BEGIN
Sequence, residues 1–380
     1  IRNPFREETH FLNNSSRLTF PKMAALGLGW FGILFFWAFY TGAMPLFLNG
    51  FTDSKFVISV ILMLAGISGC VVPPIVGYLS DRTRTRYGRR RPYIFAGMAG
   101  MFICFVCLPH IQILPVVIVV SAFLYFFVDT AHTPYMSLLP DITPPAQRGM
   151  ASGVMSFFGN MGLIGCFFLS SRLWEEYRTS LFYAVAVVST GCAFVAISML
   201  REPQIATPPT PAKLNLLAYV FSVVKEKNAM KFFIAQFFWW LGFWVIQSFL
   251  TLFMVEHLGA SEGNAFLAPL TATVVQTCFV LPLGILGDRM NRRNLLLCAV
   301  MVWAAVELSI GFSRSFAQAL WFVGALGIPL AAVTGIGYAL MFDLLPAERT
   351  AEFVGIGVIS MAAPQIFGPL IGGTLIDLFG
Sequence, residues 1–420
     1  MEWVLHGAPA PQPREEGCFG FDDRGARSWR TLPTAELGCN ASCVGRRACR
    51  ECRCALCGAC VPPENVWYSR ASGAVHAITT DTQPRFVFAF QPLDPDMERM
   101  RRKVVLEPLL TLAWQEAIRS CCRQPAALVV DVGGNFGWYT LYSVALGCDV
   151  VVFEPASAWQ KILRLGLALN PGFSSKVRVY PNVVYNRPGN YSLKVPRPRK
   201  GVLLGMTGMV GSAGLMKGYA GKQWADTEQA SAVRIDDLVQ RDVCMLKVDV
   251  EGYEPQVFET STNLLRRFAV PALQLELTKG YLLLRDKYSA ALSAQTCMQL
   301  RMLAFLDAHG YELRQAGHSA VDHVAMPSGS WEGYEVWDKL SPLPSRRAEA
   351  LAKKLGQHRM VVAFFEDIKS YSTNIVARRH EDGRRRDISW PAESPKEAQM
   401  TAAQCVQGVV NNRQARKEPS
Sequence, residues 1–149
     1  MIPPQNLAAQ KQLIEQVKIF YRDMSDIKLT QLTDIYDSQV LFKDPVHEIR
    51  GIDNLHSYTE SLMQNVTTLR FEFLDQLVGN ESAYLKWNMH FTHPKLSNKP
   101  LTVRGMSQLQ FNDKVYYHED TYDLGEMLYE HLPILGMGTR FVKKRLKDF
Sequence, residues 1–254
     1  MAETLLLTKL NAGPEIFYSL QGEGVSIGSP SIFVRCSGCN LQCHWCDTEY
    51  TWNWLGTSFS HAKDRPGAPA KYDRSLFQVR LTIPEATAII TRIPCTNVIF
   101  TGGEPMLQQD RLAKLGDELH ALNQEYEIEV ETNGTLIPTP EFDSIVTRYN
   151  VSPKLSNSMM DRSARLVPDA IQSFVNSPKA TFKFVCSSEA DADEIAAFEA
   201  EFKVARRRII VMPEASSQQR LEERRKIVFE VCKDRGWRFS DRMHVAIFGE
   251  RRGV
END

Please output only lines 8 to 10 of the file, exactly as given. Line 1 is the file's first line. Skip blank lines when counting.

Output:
   301  MVWAAVELSI GFSRSFAQAL WFVGALGIPL AAVTGIGYAL MFDLLPAERT
   351  AEFVGIGVIS MAAPQIFGPL IGGTLIDLFG
Sequence, residues 1–420